With Solvency II due to come into effect during 2012 re/insurers are assessing the capital requirements specified under the new regulatory regime. One of the main changes under Solvency II will be the requirement for re/insurers to have greater catastrophe reserves in place as part of the capital adequacy requirements.
Lloyd’s of London has come out as not in favour of the requirements as they currently stand. Under the current capital adequacy proposals for Solvency II Lloyd’s says that it would be required to hold double the amount of reserves it currently sets aside for catastrophe reserving.
During the recent Solvency II test run Lloyd’s found that the capital requirements they were expecting to hold were twice as high as previously. Richard Ward, chief executive of Lloyd’s said that this is ‘too onerously calibrated’ and that it does not work for a global player the size of the Lloyd’s market in an interview with the Financial Times. Lloyd’s plans to lobby to seek a more sophisticated model for themselves which would result in a lower catastrophe reserve requirement.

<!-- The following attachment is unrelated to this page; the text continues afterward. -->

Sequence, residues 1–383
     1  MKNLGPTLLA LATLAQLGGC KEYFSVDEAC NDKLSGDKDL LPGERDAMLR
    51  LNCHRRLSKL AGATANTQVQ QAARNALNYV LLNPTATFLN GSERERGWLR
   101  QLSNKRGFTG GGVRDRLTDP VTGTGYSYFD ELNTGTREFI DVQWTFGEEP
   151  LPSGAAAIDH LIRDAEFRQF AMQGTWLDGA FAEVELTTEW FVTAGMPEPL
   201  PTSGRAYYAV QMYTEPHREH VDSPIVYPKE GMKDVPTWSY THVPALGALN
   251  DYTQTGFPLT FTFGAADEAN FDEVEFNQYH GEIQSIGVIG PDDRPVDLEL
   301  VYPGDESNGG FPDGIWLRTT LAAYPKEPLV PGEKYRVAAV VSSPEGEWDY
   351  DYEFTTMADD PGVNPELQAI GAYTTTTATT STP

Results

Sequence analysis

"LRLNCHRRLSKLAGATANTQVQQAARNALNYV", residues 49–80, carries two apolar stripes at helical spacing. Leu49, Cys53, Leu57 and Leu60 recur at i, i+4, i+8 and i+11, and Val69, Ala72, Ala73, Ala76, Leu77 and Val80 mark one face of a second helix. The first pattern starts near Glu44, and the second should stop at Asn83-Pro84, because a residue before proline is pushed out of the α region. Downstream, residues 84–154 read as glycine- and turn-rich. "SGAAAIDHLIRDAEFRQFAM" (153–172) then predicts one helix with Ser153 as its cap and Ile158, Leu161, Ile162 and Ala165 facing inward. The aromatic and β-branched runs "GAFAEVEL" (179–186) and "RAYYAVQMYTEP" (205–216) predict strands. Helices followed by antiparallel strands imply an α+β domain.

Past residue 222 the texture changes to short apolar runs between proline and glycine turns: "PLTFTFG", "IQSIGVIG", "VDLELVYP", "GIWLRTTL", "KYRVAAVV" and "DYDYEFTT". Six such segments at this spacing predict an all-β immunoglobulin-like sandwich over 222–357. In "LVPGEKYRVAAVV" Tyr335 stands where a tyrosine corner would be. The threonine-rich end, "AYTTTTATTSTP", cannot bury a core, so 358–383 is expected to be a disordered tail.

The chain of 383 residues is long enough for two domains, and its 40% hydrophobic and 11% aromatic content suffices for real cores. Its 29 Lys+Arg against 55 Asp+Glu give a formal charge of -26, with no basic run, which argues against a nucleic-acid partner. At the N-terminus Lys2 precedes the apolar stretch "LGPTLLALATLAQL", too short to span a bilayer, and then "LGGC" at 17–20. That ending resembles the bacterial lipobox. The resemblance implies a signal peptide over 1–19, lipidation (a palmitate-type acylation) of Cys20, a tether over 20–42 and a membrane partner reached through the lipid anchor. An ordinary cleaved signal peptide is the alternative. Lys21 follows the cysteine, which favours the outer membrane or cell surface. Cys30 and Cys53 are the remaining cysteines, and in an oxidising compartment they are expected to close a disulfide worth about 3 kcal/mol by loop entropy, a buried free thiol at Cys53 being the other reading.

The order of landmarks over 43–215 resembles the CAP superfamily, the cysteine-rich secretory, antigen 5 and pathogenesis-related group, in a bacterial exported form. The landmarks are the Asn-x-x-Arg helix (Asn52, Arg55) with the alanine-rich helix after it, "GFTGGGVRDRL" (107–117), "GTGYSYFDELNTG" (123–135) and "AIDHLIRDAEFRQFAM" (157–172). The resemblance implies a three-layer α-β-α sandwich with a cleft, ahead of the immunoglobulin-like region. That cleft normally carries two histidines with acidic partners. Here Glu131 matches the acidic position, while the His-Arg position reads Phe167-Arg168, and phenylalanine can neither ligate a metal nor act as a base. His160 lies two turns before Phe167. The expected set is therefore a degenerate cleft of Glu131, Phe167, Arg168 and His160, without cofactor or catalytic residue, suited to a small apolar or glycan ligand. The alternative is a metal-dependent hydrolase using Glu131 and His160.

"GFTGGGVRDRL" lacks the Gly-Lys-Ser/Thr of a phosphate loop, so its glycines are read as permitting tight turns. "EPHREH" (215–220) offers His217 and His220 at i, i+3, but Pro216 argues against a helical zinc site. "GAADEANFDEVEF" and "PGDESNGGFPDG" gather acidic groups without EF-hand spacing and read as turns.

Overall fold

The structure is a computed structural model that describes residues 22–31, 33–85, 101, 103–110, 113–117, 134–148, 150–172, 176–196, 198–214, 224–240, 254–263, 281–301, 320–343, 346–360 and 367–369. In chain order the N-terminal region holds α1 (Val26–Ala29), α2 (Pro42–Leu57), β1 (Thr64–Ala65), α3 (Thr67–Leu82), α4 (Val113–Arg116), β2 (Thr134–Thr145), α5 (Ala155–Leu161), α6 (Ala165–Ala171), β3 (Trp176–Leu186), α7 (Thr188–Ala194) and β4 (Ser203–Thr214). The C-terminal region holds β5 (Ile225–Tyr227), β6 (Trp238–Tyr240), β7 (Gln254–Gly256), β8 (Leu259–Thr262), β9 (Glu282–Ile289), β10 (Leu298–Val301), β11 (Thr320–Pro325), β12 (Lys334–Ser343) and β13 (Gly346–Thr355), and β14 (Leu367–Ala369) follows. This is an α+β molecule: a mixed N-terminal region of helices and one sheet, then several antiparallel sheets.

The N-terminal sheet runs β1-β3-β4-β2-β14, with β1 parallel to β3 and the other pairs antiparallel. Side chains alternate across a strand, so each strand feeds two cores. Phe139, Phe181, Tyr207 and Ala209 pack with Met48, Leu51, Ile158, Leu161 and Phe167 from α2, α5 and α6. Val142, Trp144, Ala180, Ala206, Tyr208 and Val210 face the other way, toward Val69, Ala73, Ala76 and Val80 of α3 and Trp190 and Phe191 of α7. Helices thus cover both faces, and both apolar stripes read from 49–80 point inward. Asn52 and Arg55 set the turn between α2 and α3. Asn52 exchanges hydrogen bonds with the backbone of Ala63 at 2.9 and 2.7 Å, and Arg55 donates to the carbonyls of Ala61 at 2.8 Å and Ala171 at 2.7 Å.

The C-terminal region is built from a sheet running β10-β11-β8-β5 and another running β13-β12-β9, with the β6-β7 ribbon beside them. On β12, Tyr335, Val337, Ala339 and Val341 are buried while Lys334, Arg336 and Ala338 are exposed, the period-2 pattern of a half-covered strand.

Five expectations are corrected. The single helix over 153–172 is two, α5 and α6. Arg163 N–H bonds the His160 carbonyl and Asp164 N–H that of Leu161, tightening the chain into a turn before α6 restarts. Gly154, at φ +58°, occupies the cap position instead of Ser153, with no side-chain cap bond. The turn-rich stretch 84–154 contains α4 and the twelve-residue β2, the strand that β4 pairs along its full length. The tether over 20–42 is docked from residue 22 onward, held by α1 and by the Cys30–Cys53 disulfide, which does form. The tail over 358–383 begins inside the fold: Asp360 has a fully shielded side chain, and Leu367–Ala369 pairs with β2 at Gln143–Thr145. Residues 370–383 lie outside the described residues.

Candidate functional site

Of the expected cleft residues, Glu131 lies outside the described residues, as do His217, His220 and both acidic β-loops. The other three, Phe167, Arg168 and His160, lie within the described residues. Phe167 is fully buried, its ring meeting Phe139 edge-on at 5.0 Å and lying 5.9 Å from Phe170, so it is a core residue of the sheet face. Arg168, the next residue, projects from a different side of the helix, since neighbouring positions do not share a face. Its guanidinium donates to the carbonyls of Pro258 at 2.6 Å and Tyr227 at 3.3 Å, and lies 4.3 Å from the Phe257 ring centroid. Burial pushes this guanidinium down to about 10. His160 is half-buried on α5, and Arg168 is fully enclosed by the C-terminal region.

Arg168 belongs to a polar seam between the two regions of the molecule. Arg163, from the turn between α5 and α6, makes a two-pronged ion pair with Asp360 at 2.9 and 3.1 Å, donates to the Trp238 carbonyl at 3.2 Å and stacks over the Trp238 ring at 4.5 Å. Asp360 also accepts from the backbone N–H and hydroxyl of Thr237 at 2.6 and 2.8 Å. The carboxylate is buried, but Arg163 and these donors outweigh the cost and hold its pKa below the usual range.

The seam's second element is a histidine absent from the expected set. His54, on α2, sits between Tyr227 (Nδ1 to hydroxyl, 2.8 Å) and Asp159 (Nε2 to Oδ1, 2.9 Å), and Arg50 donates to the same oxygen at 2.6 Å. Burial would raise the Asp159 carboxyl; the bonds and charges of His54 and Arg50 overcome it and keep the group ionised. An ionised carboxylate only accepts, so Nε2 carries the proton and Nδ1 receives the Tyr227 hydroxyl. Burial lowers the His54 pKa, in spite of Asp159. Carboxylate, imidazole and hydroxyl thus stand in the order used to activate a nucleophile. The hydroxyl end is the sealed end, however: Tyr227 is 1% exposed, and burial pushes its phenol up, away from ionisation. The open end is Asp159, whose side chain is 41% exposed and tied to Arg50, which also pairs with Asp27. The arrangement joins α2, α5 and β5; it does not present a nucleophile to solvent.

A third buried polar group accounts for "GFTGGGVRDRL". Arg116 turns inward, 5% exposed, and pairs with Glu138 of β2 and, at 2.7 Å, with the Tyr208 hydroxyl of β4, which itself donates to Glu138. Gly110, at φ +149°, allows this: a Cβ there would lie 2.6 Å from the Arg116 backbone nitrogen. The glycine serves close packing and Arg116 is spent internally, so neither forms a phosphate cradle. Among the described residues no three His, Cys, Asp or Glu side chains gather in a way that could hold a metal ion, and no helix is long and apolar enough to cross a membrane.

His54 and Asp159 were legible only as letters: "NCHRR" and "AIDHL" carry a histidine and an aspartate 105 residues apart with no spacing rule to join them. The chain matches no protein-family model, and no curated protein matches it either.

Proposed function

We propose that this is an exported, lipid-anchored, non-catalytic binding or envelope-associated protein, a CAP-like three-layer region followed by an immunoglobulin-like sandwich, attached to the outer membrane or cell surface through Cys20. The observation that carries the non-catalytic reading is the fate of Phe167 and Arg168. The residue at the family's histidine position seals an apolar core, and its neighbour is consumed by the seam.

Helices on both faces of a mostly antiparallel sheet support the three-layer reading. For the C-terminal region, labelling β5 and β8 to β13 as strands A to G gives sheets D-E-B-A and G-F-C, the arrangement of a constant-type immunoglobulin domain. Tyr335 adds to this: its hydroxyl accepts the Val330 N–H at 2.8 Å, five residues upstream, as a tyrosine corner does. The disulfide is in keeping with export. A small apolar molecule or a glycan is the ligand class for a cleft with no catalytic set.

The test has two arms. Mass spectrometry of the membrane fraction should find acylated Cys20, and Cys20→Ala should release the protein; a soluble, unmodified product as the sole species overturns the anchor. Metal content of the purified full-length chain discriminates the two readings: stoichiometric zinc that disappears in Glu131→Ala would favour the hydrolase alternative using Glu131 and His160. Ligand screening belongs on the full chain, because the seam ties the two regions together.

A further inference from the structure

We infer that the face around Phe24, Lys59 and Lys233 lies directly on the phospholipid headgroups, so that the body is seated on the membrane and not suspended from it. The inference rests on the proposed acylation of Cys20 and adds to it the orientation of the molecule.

With re/insurers soon to be expected to hold much more capital in reserve it may help to make catastrophe bonds an attractive proposition as the longer term (usually three years) of a cat bond deal could help with their capital adequacy accounting. Rating agency Fitch recently said they see the potential for Solvency II to increase cat bond issuance. Some industry insiders say that they expect the new capital adequacy regime under Solvency II to increase interest in both industry loss warranties (ILW) and insurance-linked securities (ILS) in the long term. Could we see an organisation the size of Lloyd’s tapping the capital markets for risk transfer to secure its capital adequacy in future? It’s possible considering the majority of companies within the Lloyd’s market would be too small to issue such capital market instruments on their own, so a pooled approach could become more attractive.